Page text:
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Delete sensitive data from git

Delete sensitive data from git

Caution: please use the below knowledge with caution — all the tools described below cannot be used with blind copy-pasting. Be aware of that — you have been warned (commands are not working). (But if you do have any funny/scary stories, please share in the comments).

One day, when working with your git-based project, you may accidentally save your personal logins, passwords or SSH keys to the repository. Of course, you can use git rm to remove the file, but the file will still be in the history.

Once a file with private data is in the repository, all data in it can be considered compromised, and immediate action must be taken (changing passwords, etc.). There is no way to trace if anyone has seen or downloaded these files.

Fortunately, there are tools that allow you to remove a file from a git repository completely. This article describes how to use the BFG Repo-Cleaner and git-filter-branch to completely remove a file from a git repository.


git-filter-branch the utility is part of git and does not require additional installation.

Suppose that we accidentally saved the .secret file in the repository, which stores the password for the database. The project is in active development and a test database is being used, but out of habit, the password is the same as the one you use to log in to the system or anywhere else. Sound familiar? I hope not.

After making sure we have the latest version and that there are no local changes, we can delete the file using git-filter-branch:

$ git` filter-branch --force --index-filter \
'git rm --cached --ignore-unmatch .secret' \
--prune-empty --tag-name-filter cat -- --all

Rewrite d402133542d0f0f1578e916b8a350842cc955870 (1327/1333) (216 seconds passed, remaining 0 predicted) rm '.environment'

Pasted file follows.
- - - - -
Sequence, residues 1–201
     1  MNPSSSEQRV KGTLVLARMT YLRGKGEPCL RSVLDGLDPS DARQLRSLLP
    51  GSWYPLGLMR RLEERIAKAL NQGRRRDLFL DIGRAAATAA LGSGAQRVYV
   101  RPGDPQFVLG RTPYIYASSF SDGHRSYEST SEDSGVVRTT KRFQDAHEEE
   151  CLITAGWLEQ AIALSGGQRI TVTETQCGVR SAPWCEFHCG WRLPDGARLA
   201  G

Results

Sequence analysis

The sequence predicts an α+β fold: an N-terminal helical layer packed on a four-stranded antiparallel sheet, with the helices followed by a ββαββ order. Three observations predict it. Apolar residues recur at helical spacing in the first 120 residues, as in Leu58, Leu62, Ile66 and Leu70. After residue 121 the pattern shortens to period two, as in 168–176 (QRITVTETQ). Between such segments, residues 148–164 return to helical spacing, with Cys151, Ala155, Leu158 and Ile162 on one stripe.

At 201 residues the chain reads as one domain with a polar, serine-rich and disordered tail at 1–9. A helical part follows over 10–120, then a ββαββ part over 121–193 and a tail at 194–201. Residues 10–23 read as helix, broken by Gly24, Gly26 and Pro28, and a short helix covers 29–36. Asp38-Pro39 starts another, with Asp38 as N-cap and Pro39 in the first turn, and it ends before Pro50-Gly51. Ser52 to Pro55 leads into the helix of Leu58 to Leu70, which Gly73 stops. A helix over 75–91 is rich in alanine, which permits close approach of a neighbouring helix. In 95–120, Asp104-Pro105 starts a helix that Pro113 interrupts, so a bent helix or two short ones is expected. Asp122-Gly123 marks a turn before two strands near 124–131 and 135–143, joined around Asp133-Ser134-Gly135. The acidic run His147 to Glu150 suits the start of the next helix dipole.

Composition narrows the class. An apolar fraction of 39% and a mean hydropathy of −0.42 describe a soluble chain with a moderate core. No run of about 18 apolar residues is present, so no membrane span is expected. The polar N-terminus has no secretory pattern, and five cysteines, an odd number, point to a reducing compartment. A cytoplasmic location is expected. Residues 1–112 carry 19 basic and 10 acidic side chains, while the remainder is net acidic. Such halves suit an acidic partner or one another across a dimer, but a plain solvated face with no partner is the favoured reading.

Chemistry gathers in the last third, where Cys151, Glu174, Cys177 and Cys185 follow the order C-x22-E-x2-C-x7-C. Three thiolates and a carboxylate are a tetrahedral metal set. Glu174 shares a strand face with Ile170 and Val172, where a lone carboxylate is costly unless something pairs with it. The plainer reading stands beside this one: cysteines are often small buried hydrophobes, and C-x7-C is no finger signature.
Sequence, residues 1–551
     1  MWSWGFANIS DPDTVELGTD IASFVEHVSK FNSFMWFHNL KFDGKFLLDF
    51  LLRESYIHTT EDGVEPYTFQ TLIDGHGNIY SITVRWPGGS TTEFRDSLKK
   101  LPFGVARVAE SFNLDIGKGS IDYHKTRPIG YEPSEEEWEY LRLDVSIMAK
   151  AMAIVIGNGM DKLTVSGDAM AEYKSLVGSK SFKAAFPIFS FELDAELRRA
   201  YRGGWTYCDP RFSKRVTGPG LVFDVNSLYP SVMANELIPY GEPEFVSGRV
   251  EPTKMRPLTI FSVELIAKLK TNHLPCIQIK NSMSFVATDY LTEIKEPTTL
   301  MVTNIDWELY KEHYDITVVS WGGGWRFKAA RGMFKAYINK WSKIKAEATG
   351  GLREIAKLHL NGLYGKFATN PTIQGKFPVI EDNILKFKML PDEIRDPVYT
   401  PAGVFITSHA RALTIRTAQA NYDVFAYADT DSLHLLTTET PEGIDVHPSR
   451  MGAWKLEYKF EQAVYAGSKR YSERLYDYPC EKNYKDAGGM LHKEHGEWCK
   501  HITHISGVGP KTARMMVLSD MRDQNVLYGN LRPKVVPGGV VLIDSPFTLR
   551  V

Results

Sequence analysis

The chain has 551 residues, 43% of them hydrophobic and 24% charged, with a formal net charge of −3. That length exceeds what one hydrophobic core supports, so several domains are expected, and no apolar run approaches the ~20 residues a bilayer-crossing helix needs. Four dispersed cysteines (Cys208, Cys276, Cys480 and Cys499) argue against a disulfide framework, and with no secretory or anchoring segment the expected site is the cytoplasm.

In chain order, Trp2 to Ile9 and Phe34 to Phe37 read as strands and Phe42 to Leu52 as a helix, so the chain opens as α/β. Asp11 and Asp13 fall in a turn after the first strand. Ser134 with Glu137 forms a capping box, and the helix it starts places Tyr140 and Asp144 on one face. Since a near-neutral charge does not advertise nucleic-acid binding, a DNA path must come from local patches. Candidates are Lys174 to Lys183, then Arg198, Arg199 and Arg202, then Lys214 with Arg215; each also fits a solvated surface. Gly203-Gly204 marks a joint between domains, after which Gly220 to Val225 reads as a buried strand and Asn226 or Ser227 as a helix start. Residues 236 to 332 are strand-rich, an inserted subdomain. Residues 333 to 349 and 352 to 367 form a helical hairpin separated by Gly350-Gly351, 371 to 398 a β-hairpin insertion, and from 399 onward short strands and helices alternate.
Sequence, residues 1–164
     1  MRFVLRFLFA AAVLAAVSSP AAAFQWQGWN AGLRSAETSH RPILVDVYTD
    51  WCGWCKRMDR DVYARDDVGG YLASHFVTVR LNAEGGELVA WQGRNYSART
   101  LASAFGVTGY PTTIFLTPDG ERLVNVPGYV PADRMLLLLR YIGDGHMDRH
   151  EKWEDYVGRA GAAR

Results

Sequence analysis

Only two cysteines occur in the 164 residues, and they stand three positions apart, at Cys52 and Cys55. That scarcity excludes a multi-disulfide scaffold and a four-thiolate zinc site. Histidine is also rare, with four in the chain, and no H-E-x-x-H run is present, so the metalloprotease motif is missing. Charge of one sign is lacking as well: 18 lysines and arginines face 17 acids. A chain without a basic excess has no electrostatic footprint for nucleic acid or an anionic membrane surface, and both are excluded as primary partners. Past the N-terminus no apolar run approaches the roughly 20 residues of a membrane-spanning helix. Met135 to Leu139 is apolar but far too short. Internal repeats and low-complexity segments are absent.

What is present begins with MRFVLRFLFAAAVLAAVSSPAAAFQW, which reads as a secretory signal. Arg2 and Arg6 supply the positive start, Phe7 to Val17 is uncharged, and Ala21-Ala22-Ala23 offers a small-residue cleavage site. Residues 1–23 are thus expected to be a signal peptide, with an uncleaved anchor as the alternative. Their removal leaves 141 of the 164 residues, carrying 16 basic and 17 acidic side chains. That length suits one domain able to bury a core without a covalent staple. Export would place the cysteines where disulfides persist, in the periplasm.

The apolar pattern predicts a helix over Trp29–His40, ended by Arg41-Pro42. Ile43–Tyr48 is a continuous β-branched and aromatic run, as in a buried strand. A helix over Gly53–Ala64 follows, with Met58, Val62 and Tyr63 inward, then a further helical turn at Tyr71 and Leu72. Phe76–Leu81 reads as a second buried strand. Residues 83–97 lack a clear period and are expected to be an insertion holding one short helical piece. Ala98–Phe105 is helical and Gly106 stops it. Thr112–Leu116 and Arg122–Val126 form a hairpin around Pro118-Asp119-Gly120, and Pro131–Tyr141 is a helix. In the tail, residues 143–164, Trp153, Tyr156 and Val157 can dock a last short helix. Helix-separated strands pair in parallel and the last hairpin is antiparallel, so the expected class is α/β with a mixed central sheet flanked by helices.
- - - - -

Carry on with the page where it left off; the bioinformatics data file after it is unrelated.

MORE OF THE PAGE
Ref 'refs/heads/master' was rewritten
Ref 'refs/remotes/origin/master' was rewritten

This command will delete the .secret file in each repository commit. If you want to remove the directory, you must add the -f switch to git rm:

$ git` filter-branch --force --index-filter \
'git rm -f --cached --ignore-unmatch folder_to_remove/' \
--prune-empty --tag-name-filter cat -- --all

If there are other files that need to be removed, run this command for each of them.

Now we need to commit all the changes, unfortunately using force push:

$ git` push origin --force --all

After all the changes have been made, everyone else who has worked with this repository needs to rebase. Or delete your local repository and clone it again. The latter is better, since there is less chance of shooting yourself in the foot.

Note: to avoid a repeat of this nasty situation, the file should be added to the.gitignore file.

BFG Repo-Cleaner

BFG Repo-Cleaner — is a simpler and easier alternative to git-filter-branch for removing unwanted files from the git repository.

To install for macOS, but you can build it yourself:

$ brew install bfg

For example, to remove the same .secret file as in the git-filter-branch example above using BFG:

$ bfg` --delete-files .secret

Found 775 objects to protect
Found 161 commit-pointing refs : ...

Protected commits

These are your protected commits, and so their contents will NOT be altered:

 * commit 89943765 (protected by 'HEAD')


Found 1726 commits
Cleaning commits:       100% (1726/1726)
Cleaning commits completed in 471 ms.

BFG aborting: No refs to update - no dirty commits found??

BFG can even look through all files in the repository for passwords and replace them with **REMOVED**:

$ bfg` --replace-text protected.txt

As a result of this command, each file in each commit will be looked through and if a password from the protected.txt file is found, it will be replaced with **REMOVED**.

Just in case you’re worried about performance: The BFG vs git-filter-branch - speed comparison

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